Ellie the Elderberry, Hiding among the Weeds

Ellie the Elderberry, Hiding among the Weeds

I’ve named it Ellie.

Yes, I name my plants. Doesn’t everyone?


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Foraging Fails, Week Ending 9/2/2018

For this week’s foraging post, I am going to once again focus on plants that I failed find or harvest in the central MD area.

Cattails (Typha spp.)

Cattails are one of the most celebrated wild foods because so many parts of the plant are edible. Both broad-leaved (Typha latifolia) and narrow-leaved (Typha angustifolia) varieties grow in this area. However I have failed to find any in a location where I feel comfortable harvesting any of it. The one population where I could get permission from the land owner is too small just yet. The rest of them either require trespassing (not okay) or dangerous or polluted locations (also not okay).

Cattails too close to train tracks

Diesel-flavored cattails, anyone?

In late spring the shoots can be collected; during the summer, the pollen can be gathered from the flower heads and added to baked goods (like quick breads) for extra protein and a cheerful yellow color. The male flowers at the tips (above the “hot dog” looking part, which is the female flower) can be steamed or boiled either in pieces or whole like a teensy corn on the cob. The rhizomes are edible as well.

Elderberry (Sambucus canadensis) 

My failure to forage elderberry is particularly sad. One of these leafy shrubs used to grow in the wild tangle of weedy plants along the side of my yard. That was several years ago, before I really knew how amazing the berries were. I didn’t think  we cut it down while cleaning up the overgrowth, but this year I was unable to locate the plant. There are two hackberries, one black locust and a mulberry … but no elderberry! I have no idea what happened to the shrub!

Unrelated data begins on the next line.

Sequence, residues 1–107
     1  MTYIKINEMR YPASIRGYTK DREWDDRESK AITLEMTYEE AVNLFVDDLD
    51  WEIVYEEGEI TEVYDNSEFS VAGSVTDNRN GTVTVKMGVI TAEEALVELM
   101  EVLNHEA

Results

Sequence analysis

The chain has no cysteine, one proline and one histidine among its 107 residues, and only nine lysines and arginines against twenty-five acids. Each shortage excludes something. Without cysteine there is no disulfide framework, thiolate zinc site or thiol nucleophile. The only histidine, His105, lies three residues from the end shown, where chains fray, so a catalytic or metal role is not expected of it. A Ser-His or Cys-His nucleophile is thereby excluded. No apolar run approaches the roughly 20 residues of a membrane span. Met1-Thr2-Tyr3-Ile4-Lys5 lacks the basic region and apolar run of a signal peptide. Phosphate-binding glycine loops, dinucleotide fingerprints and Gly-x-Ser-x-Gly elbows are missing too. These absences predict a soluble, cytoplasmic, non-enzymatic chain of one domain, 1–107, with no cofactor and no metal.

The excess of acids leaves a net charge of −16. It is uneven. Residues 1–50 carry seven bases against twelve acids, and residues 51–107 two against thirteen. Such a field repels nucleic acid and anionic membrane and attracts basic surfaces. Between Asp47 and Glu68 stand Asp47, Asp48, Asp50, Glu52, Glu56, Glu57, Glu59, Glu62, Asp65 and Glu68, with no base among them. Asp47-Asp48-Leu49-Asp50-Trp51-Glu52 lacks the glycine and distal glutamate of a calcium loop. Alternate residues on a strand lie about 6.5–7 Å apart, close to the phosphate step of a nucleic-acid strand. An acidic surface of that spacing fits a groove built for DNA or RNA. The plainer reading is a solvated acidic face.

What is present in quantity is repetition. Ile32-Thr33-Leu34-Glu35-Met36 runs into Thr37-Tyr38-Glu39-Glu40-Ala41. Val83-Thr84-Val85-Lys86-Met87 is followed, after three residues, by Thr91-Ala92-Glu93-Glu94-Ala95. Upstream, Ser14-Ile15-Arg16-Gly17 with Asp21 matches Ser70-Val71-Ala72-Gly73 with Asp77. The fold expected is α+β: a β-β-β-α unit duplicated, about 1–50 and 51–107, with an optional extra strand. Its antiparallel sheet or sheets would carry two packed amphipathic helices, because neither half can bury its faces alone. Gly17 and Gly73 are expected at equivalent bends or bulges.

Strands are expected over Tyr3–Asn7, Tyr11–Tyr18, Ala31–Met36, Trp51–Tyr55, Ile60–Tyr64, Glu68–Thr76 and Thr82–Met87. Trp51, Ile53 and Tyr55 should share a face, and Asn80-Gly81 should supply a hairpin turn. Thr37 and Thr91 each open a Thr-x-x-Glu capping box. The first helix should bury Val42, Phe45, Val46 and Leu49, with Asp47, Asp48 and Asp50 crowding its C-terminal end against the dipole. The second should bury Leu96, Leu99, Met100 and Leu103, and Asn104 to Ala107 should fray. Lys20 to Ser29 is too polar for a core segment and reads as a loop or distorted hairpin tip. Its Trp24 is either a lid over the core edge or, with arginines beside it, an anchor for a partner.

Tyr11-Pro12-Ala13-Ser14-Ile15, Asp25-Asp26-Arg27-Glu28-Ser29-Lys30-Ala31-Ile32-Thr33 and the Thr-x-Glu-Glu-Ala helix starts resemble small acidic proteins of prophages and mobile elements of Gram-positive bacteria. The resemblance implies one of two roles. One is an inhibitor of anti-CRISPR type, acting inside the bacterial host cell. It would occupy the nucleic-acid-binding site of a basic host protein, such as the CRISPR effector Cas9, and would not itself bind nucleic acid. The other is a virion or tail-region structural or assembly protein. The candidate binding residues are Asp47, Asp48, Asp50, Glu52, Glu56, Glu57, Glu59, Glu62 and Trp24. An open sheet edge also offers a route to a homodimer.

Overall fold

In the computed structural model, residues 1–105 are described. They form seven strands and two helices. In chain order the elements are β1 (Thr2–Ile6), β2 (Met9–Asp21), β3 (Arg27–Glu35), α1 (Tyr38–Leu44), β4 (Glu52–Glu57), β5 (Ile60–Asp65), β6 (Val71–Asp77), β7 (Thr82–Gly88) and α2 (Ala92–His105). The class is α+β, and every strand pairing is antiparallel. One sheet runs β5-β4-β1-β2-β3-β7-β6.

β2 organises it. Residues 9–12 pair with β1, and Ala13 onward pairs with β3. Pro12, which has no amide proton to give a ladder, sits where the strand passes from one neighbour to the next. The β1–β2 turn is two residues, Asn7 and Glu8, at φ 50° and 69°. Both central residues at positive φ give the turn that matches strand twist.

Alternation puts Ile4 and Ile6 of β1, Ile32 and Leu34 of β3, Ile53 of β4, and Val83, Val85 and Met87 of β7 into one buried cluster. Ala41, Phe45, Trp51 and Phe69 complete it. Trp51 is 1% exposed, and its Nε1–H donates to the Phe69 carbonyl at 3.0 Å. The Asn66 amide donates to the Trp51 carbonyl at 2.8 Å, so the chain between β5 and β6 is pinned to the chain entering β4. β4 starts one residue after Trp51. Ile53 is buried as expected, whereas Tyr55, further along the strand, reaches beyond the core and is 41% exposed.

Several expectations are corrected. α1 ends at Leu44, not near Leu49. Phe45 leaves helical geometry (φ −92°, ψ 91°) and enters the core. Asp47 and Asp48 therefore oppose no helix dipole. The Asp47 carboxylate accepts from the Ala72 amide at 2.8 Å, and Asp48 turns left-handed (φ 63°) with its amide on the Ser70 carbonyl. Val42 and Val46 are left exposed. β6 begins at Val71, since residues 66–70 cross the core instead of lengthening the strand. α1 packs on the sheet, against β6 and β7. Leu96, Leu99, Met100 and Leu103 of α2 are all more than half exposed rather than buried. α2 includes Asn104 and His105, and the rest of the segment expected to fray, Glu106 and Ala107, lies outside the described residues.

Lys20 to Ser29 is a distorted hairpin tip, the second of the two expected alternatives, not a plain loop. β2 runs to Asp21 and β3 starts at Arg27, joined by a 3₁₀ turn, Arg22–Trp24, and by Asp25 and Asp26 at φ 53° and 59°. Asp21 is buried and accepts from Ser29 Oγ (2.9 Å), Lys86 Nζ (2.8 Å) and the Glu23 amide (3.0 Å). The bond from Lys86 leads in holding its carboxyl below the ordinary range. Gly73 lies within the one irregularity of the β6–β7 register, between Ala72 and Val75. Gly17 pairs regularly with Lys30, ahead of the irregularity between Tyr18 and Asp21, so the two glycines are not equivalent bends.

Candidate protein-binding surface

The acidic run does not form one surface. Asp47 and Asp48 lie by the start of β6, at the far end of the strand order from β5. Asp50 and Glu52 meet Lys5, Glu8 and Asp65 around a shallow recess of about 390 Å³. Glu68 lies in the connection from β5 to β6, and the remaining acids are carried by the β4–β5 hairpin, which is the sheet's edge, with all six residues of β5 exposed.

The elderberry flowers are showy white against a green canopy. The flowers can be used for liqueurs or battered and fried. But the berries are the real gem. They seem to boost to immune system, possibly even helping fight against the flu.

I have seen several elderberries on my daily commute, but they pose two recurring problems. 1) They are on my commute which means they are roadside plants and thus subjected to the pollution which comes  with um, being alongside the road. And 2), if they are alongside the road, they are on someone else’s property and swooping in to collect either flower or berries is, shall we say, legally problematic?

Maypop / Passionflower (Passiflora incarnata)

Maypop’s ridiculously alien-like flowers are definitely an eye-catcher, and I was sure I would have spotted them at some point during the summer. They tend to grow along fields and fences, which we have plenty of around here. The fruit starts as green egg-shaped orbs, maturing to yellow when ripe. The leaves are practically shaped like a T-Rex footprint, mashed up with a clinging vine and alien flowers. How could I possibly not find one, if there was one to find? There is still opportunity to find the flowers or fruit, based on the dates on the photos on the MD Biodiversity project, but date of first frost is a month and a half away. The days are counting down!

Rather than continue to drive myself crazy trying to find them, next year I plan to just grow them myself! Several online merchants sell either seeds or young plants.